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If dissensus is the new normal in Britain, we need a new media

An inquiry into the future of public service broadcasting in Britain launched its report days after the Brexit vote. It holds important clues to how we deal with the current breakdown of consensus.

The referendum result of June 24 made millions of people in Britain sit up and think about whether our most important public institutions are fit for purpose. That includes our broadcasters. At a time when the UK appears to be increasingly polarised, to what extent can our television ecology claim to retain the trust, support and loyalty of an unsettled population and fragmenting audiences?

The inquiry into the future of public service television chaired by Lord Puttnam, has published its final report in these very challenging circumstances. We have organized public events around the UK, received high-quality submissions from broadcasters, academics and civil society groups and had conversations with key stakeholders and one thing has become clear: that there is very little agreement on many of the key issues. There isn’t a consensus on the pace of change, on the impact of current developments, on whether television should (or can) be "impartial", on the measures needed to secure public service television, or even on whether we need public service television any more.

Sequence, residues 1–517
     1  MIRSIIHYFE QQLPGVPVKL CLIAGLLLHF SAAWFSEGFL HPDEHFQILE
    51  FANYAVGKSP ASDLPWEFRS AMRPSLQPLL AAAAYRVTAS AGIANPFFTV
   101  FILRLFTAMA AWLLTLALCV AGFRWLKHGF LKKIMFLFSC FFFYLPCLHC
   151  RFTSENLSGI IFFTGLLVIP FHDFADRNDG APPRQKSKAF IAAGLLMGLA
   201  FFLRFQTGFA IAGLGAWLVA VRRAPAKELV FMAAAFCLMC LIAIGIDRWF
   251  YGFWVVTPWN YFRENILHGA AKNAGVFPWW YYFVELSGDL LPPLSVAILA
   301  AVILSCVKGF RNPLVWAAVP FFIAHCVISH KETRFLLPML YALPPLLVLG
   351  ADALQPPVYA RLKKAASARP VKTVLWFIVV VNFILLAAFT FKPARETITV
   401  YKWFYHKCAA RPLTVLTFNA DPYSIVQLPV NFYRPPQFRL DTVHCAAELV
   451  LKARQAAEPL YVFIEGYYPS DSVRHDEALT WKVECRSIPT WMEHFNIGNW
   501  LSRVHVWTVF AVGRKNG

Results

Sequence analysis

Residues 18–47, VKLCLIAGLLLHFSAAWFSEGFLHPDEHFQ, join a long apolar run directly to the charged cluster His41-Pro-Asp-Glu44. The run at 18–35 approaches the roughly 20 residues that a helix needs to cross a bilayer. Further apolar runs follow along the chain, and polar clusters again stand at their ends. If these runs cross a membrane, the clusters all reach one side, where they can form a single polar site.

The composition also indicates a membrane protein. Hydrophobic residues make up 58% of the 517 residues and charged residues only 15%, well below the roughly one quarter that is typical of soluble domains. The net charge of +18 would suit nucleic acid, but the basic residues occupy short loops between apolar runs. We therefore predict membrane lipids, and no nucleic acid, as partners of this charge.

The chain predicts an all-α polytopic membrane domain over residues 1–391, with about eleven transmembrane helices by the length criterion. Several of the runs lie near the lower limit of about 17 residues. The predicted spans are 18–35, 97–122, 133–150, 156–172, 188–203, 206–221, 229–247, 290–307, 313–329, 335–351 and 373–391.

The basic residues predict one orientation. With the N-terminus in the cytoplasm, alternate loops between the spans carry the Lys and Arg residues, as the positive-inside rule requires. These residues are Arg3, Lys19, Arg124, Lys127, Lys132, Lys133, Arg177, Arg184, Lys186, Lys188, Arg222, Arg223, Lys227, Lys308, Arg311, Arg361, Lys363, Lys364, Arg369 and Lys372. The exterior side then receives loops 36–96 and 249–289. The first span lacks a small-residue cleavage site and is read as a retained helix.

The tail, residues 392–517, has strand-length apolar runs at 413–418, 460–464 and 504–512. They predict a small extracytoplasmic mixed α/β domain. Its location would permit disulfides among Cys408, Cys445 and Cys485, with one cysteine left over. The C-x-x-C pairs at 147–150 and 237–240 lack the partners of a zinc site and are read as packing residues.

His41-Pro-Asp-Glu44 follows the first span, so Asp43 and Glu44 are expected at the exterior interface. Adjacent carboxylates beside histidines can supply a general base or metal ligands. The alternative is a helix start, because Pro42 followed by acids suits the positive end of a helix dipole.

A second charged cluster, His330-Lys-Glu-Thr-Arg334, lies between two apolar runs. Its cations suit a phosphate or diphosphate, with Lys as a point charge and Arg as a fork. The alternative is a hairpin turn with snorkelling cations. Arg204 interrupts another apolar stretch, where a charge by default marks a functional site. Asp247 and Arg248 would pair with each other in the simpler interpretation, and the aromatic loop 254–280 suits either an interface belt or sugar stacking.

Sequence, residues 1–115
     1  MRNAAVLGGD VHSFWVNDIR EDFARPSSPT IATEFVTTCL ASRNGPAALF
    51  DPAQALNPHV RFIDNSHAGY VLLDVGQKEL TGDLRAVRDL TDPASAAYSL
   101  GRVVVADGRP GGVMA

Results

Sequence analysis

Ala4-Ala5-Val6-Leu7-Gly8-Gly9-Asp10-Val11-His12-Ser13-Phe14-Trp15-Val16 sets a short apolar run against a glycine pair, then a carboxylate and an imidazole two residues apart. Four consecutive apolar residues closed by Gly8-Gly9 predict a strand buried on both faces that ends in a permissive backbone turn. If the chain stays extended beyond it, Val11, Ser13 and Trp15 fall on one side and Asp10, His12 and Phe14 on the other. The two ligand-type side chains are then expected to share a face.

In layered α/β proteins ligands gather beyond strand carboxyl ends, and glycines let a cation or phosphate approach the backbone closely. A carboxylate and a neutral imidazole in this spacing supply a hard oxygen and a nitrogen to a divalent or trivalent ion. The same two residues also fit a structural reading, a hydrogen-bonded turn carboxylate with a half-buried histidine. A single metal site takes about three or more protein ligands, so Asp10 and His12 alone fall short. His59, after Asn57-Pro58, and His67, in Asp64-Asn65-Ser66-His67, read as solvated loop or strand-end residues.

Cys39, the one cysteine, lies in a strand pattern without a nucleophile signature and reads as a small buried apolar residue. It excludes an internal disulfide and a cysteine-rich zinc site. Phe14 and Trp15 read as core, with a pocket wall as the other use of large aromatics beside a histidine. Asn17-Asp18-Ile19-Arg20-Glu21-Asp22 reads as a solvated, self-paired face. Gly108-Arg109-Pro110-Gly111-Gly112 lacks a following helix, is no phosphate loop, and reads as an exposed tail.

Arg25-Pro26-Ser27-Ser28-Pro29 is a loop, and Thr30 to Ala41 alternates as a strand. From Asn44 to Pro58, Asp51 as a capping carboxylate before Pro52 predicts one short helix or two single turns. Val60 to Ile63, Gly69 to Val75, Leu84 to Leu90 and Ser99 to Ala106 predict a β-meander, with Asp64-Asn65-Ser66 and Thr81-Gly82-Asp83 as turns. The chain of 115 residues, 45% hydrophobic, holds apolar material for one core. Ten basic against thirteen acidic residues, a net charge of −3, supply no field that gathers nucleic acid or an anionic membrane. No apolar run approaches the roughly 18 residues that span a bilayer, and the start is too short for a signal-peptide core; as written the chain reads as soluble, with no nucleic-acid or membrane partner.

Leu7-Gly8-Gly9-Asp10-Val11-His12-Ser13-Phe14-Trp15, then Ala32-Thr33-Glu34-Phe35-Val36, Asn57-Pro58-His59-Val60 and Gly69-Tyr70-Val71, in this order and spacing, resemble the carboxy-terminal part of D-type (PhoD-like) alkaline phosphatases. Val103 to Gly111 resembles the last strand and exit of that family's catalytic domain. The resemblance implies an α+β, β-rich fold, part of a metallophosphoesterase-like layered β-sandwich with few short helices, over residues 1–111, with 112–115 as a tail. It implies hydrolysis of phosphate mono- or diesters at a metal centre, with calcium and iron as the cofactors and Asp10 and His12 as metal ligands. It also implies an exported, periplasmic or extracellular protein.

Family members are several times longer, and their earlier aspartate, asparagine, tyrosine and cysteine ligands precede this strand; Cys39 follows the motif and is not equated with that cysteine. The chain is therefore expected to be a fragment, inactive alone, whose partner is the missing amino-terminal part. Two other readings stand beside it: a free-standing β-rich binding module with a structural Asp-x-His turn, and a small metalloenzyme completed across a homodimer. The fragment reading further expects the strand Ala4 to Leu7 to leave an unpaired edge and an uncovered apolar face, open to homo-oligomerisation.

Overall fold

Perhaps that is the key: that dissensus, not consensus, is the new normal and that we better get used to the absence of agreement. And perhaps that is one of the failings of our most popular broadcasters: that they have for too long gravitated towards a perceived ‘centre ground’ when this ‘centre ground’ was coming unstuck; that, instead of promoting a multitude of voicesand formats and taking risks, they have too oftenclung to the familiar and acceptable.